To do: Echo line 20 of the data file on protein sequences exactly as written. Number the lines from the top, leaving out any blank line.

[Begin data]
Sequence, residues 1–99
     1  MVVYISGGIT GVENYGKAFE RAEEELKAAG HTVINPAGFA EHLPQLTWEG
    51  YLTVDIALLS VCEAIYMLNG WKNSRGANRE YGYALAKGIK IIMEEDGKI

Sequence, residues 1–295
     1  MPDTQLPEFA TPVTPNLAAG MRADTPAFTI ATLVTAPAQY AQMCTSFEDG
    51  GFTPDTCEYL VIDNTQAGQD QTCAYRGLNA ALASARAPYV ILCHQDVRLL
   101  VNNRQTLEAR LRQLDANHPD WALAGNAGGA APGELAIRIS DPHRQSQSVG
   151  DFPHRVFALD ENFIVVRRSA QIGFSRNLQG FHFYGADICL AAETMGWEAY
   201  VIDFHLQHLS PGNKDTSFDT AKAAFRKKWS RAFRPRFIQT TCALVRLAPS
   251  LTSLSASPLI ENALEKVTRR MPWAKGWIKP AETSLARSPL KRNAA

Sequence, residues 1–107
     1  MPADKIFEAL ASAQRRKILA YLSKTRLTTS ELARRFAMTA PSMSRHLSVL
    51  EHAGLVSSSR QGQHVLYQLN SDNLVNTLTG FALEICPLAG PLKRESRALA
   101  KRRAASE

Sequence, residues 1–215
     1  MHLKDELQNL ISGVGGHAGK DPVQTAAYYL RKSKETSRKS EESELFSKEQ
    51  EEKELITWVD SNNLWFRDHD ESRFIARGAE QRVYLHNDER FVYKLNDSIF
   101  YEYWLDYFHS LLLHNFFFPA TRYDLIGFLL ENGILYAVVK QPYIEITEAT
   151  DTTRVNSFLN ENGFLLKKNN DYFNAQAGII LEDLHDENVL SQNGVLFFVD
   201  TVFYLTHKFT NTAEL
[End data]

   201  TVFYLTHKFT NTAEL